I happened to meet Trompak at the Central Military Hospital in Kyiv in July, six months before I heard of UWA and one month after he was wounded. I was introduced to him by hospital volunteer Oksana Chebanova, 37, who also recommended him for the Adopt a Soldier program. Wealthy Kyivites, Chebanova and her husband, Max Box, work as individuals rather than part of a group. They bring food, supplies, hospital equipment and other donations to the facility and its underpaid staff. Chebanova uses Facebook to enlist help, with much coming from the diaspora in Canada and Spain.
Trompak and other wounded veterans were enjoying the sun—and, when necessary, the shade—on the grounds outside the hospital’s Spartan, low-tech trauma ward. He readily agreed to speak with me, my 16-year-old son Michael, and translator Maryna Konoval.
I heard no bitterness in his voice, just a quiet determination to tell the world about Russian aggression.
I’m a young man and I want to live in a good country, a free country. Putin doesn’t let us live the way we want to live. — Dima Trompak, Ukrainian war veteran
“People have to know what’s happening,” he said, sitting in a wheelchair and pulling from a cigarette with the bare fingertips of a gloved hand—the glove donated by Chebanova to the ward’s patients who have to deal with crutches and wheelchairs.
Splints held tight by bandages ran the length of his leg. Bone had burst through flesh when the mine exploded. Yellow crust covered the ankle and clung between toes—better, Trompak told me, than the red inflammation that had preceded it.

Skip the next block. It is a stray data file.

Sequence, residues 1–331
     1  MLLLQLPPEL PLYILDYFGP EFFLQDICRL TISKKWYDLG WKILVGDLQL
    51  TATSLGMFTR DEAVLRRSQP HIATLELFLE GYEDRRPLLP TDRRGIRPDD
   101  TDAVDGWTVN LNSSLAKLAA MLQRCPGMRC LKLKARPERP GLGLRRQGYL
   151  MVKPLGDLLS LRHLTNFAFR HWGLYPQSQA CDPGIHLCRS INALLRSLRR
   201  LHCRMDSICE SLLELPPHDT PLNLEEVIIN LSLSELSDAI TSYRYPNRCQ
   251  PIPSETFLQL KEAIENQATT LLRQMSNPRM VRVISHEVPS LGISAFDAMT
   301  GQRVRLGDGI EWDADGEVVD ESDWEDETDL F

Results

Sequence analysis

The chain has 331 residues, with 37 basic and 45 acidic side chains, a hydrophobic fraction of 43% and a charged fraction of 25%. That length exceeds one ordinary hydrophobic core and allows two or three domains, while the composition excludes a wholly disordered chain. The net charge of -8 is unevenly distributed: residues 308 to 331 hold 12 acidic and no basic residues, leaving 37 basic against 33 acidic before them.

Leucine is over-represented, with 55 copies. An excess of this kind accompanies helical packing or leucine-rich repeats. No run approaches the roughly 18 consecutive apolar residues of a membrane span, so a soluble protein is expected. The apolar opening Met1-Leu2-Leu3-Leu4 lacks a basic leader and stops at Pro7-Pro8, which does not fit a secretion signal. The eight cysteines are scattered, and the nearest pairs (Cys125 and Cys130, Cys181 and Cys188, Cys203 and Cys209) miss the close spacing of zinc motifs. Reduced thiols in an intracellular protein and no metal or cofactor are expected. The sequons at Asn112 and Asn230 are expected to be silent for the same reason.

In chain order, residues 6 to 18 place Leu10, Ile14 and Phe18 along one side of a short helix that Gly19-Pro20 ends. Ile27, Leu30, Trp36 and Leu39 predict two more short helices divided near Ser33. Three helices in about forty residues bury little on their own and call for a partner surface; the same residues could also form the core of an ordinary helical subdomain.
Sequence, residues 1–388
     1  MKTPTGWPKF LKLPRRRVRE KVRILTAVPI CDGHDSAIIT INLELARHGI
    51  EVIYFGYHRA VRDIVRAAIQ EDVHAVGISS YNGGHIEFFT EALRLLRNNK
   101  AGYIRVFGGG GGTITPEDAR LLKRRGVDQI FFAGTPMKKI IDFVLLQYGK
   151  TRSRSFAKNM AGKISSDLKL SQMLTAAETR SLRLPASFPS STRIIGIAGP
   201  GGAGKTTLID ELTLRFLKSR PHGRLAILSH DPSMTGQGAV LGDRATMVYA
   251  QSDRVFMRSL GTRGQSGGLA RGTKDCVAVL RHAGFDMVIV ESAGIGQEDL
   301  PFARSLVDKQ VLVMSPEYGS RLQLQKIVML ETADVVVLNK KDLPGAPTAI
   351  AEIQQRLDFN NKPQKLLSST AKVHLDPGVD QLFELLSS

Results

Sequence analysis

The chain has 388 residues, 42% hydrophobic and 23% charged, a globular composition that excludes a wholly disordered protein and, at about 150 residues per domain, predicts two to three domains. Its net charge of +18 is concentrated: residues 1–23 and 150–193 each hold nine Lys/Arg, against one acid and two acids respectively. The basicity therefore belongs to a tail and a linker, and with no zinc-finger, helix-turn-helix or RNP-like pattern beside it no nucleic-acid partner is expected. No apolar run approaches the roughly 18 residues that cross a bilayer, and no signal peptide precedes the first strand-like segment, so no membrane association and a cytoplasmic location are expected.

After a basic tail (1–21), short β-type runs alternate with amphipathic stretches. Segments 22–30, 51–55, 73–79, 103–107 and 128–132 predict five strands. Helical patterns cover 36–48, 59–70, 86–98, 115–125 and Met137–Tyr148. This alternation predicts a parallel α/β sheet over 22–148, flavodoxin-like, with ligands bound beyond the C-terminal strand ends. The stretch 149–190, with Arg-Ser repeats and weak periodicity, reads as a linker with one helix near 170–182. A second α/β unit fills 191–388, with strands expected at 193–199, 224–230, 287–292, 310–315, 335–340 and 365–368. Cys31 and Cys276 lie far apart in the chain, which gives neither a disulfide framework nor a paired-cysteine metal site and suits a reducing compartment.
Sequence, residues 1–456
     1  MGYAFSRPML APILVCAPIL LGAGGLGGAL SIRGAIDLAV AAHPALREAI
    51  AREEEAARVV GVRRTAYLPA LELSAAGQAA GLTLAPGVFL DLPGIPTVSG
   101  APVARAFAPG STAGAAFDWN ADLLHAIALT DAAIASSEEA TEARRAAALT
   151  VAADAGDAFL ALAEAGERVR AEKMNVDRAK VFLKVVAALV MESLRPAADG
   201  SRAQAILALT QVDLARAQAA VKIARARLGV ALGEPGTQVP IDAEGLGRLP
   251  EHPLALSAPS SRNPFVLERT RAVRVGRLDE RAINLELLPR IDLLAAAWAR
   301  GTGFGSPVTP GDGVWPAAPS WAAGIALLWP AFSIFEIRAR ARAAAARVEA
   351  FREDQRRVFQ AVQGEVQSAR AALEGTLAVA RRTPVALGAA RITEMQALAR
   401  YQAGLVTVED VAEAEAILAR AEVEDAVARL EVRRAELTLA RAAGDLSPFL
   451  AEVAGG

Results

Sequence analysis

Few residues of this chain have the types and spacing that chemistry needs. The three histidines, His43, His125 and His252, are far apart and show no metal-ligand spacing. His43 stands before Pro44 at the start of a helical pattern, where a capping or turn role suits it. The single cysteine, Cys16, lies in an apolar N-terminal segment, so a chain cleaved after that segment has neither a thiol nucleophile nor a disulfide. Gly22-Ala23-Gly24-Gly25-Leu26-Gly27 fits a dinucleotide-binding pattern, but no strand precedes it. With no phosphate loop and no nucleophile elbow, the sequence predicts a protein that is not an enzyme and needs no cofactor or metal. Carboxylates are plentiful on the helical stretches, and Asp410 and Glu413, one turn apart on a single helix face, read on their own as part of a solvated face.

Suture marks laid tracks just under a big left knee—was the knee swollen or the leg atrophied? More crust on the shin. A scar reached ominously past his belly button toward his chest, with some sort of green discoloration.
Born in the Carpathians on the western fringe of Ukraine, close to Hungary and Slovakia, Trompak almost died on July 4, 2015, two hundred meters from the Russian border, near the village of Stanytsia Luhanska. Sixteen hundred kilometers from home.
He had joined the 128th Guards Mechanized Brigade out of Mukacheve a year earlier, a few months after war started in eastern Ukraine. He was an infantryman, issued an AK-74 with grenade launcher. His girlfriend dumped him when he was deployed because she was afraid he wouldn’t return, he said.
“I wanted to defend my country,” Trompak said. “I’m a young man and I want to live in a good country, a free country. Putin doesn’t let us live the way we want to live.”
Among the enemies he faced were Ukrainian separatists and Russians, he said.
“I was fighting all of them, but sometimes they fought among themselves,” he said.
“Sometimes I saw them just 50 meters away. They were either drunk or high, not thinking about death, they were just going to kill you. There were others, but they had to fight because they were pressed. They were told, ‘If you don’t fight, it will be bad for you.’”
The Ukrainian army doesn’t always equip its troops well, Trompak said.
“When a big group of people like 120 is going to the front lines, then they have everything,” he said. “But if a small group is going, they have nothing.” Trompak was traveling in a group of just 15.
Trompak told me he always will fight for Ukraine, regardless of his wounds.
“I am sure that one day the war will end, and we will win,” he said.
In addition to her hospital work, Chebanova helps the children and families of soldiers. Her Facebook profile can be found here.